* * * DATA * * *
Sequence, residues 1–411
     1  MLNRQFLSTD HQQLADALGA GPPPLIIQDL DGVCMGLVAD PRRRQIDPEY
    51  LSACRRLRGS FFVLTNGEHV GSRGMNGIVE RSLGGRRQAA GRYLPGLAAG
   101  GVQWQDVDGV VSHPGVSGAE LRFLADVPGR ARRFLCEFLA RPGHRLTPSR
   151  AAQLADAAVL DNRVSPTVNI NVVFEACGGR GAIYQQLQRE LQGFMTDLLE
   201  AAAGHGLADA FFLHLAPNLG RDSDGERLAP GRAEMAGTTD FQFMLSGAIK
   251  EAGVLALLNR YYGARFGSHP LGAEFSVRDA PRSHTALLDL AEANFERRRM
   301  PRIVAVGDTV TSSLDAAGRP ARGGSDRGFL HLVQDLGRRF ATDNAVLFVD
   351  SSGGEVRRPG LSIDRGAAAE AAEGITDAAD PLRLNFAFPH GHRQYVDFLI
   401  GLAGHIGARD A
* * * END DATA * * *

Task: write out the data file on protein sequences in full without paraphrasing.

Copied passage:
Sequence, residues 1–411
     1  MLNRQFLSTD HQQLADALGA GPPPLIIQDL DGVCMGLVAD PRRRQIDPEY
    51  LSACRRLRGS FFVLTNGEHV GSRGMNGIVE RSLGGRRQAA GRYLPGLAAG
   101  GVQWQDVDGV VSHPGVSGAE LRFLADVPGR ARRFLCEFLA RPGHRLTPSR
   151  AAQLADAAVL DNRVSPTVNI NVVFEACGGR GAIYQQLQRE LQGFMTDLLE
   201  AAAGHGLADA FFLHLAPNLG RDSDGERLAP GRAEMAGTTD FQFMLSGAIK
   251  EAGVLALLNR YYGARFGSHP LGAEFSVRDA PRSHTALLDL AEANFERRRM
   301  PRIVAVGDTV TSSLDAAGRP ARGGSDRGFL HLVQDLGRRF ATDNAVLFVD
   351  SSGGEVRRPG LSIDRGAAAE AAEGITDAAD PLRLNFAFPH GHRQYVDFLI
   401  GLAGHIGARD A